Here at the Santa Fe Institute we’re having a workshop on Statistical Physics, Information Processing and Biology. Unfortunately the talks are not being videotaped, so it’s up to me to spread the news of what’s going on here.
where is Boltzmann’s consstant and is the temperature of a system that’s in equilibrium before some work is done on it. is the change in free energy, is the amount of work, and the angle brackets represent an average over the possible options for what takes place—this sort of process is typically nondeterministic.
We’ve seen a good quick explanation of this equation here on Azimuth:
• Eric Downes, Crooks’ Fluctuation Theorem, Azimuth, 30 April 2011.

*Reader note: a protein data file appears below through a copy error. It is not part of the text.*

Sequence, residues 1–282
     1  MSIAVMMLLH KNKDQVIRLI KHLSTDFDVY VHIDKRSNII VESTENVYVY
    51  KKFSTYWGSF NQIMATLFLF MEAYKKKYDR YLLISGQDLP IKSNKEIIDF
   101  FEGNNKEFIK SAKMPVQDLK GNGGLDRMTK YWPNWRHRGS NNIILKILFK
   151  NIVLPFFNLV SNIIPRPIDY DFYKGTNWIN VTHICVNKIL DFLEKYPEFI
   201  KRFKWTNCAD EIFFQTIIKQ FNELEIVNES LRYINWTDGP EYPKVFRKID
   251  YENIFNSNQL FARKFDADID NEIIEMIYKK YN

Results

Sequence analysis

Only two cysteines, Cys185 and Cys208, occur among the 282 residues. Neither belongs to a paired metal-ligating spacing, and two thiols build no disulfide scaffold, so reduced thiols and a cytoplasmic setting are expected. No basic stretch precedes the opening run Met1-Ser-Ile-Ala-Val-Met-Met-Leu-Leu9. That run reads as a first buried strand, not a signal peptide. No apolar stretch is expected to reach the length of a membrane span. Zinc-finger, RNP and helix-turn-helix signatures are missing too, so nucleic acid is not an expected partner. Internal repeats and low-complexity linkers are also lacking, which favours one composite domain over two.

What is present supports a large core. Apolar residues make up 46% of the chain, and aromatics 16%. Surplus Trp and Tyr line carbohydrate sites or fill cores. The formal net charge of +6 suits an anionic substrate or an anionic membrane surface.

We’ve also gotten a proof, where it was called the ‘integral fluctuation theorem’:
• Matteo Smerlak, The mathematical origin of irreversibility, Azimuth, 8 October 2012.
It’s a fundamental result in nonequilibrium statistical mechanics—a subject where inequalities are so common that this equation is called an ‘equality’.
Two days ago, Jarzynski gave an incredibly clear hour-long tutorial on this subject, starting with the basics of thermodynamics and zipping forward to modern work. With his permission, you can see the slides here:
• Christopher Jarzynski, A brief introduction to the delights of non-equilibrium statistical physics.
Also try this review article:
• Christopher Jarzynski, Equalities and inequalities: irreversibility and the Second Law of thermodynamics at the nanoscale, Séminaire Poincaré XV Le Temps (2010), 77–102.